AC Outage Could Bring Rent Strike

by Robert Griswold

Tenant displaced from unit fights for compensation

by Robert Griswold

Arm wrestlingQ: Our son is renting a condo in an area where it gets very hot in the summer. Two weeks ago, he came home from work to find that his air conditioning unit was not working. It was after hours on Friday evening and he tried to reach the property management agency to have them check it out, but no one was in so he left a voicemail message on their answering machine. They have no emergency number and the office is open only Monday through Friday from 9 a.m. to 5 p.m. The temperature reached nearly 110 degrees that Saturday and Sunday.

My son was inconvenienced — he couldn’t stay in the rental unit because the heat was unbearable. We watched his dogs for him and he spent the weekend at a friend’s house and went to work from his friend’s house. He was able to reach the property management office on Monday and they came right out to fix the air conditioning unit that same day.

He called them on Tuesday to talk with them about his inconvenience and the disruption to his life. He is trying to get compensated for having to spend time away from the place he was renting, having someone else take care of his dogs, and the physical and emotional strain of not being able to live in a home that he is paying to rent.

The property management company said not having air conditioning did not constitute an emergency, not even when it is 110 degrees. They claim that they actually do have an “on-call” person that regularly checks the answering machine throughout the weekend. But because their air conditioning company charges extra on weekends the earliest his air conditioning unit could have been fixed was on Monday, and that is what they scheduled.

He feels very strongly that he is entitled to significant compensation because his air conditioning unit ran for six hours straight to get the condo down from 96 degrees to 82. What are his legal rights? Can he withhold his rent for next month? Should he hire a lawyer? Maybe he should simply move out?

A: Clearly you and your son are very passionate about this issue and there is no doubt that he was inconvenienced. With temperatures over 100 degrees it can be very uncomfortable without the benefits of air conditioning. However, air conditioning is not automatically a required element of habitability in all areas, including some areas where it can get very hot at certain times of the year. So I would suggest he contact a local landlord-tenant attorney to see if there are some local laws that the attorney feels are applicable.

But let me offer a perspective as a property manager for the last 30 years, including many years in areas that can be very hot especially in the summer. I think your expectations may simply be too high.

The fact is that air conditioning units can and do go out on a Friday evening. Some landlords and property managers think that is when a disproportionate number of these types of problems seem to occur. Most repair personnel work Monday through Friday, and the few that may be willing to work on weekends or evenings will charge 1.5 to two times the usual labor rates, which are already quite high.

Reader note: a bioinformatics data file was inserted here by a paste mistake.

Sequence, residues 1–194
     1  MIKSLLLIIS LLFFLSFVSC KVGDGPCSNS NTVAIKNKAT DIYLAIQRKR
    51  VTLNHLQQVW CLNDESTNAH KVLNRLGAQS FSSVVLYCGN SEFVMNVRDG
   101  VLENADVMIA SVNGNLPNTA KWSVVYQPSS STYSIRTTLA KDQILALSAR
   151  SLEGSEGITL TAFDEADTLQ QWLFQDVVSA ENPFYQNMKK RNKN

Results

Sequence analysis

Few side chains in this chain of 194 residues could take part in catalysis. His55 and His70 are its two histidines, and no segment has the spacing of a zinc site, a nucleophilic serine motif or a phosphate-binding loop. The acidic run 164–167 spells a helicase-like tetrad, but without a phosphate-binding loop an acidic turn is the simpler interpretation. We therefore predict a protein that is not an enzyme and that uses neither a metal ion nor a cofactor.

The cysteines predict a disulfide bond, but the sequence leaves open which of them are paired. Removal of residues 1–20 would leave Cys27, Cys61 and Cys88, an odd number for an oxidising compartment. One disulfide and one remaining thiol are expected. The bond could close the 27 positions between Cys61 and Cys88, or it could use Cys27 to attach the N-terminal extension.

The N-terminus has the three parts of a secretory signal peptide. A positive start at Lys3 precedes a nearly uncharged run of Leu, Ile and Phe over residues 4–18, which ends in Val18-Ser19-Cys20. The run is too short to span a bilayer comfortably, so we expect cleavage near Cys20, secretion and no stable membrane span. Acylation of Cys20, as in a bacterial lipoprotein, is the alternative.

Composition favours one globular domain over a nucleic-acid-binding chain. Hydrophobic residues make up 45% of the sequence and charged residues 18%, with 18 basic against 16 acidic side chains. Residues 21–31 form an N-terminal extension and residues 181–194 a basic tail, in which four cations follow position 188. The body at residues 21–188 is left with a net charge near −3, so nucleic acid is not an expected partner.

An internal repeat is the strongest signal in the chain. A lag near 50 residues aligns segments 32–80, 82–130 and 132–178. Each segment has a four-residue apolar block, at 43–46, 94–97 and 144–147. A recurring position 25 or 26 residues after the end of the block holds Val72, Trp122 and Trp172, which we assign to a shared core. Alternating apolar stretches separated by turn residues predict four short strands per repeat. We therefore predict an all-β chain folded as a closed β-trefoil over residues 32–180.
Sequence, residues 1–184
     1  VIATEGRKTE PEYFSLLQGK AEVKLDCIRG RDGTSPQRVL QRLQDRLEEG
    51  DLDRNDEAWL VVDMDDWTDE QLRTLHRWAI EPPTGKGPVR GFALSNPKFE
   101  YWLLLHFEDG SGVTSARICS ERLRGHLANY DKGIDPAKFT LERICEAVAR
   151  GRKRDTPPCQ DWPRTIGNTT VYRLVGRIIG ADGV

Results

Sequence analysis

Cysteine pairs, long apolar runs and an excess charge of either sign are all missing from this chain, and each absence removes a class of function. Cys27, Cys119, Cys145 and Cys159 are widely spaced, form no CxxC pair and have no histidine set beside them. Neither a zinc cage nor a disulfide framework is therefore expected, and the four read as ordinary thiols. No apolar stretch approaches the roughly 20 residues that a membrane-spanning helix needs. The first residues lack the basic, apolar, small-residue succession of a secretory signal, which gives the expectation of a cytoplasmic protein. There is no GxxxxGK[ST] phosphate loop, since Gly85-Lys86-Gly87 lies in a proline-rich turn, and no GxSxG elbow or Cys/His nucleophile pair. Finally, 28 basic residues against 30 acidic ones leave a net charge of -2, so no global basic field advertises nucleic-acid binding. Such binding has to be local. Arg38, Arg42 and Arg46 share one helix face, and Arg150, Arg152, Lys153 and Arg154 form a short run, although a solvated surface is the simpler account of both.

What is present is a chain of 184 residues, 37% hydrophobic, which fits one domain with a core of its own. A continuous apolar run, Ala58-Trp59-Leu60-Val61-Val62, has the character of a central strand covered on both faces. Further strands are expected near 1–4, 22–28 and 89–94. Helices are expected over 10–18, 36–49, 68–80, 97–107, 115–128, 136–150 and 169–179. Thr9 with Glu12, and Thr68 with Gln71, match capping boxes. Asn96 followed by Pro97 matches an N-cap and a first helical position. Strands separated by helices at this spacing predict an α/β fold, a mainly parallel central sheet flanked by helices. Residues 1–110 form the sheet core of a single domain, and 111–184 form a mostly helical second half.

Thus, it isn’t reasonable to expect that an air conditioning unit that just happens to go out on a Friday afternoon could not be repaired till Monday. I understand the high temperatures and the impact on his personal living arrangements, but I think the response to this complaint by the landlord was very reasonable.

These things happen and unless you can show that the landlord was negligent and his failure to properly perform maintenance caused the air conditioning unit to break, then you have to understand that it takes time to respond to these situations.

In cases where such an outage constitutes an emergency — such as a threat to health or safety — the landlord may be required to make immediate repairs or to reimburse the tenant for emergency repairs. Again, check with a legal expert on applicable laws.

It may be appropriate for his landlord to offer him a rent credit for his inconvenience for the two or three days that he was without air conditioning. But your ideas of withholding next month’s rent or moving out seem to be overreactions.

We all face these types of inconveniences in daily life. Who hasn’t had a delayed airplane flight that led to missing a connection and completely disrupting one’s plans? But does that mean the passenger is entitled to a full refund? I know with my health insurance plan it can take days to get in to see someone and in the meantime I am in pain and have to limit my activities. But I certainly can’t refuse to pay my next month’s premium just because they couldn’t see me immediately. I can cancel my health insurance policy or vow to never fly on that same airline in the future, but moving out over this incident also seems to be adding to your son’s inconvenience.

I suggest your son sends a polite letter to the property management firm outlining the inconvenience and ask for a rent credit for the two days that he was without air conditioning.

This column on issues confronting tenants and landlords is written by property manager Robert Griswold, author of “Property Management for Dummies” and “Property Management Kit for Dummies” and co-author of “Real Estate Investing for Dummies.”
E-mail your questions to Rental Q&A at [email protected]. Questions should be brief and cannot be answered individually.
Copyright 2009 Inman News

See Robert Griswold’s feature Landlord Too Lax on Noise Enforcement.

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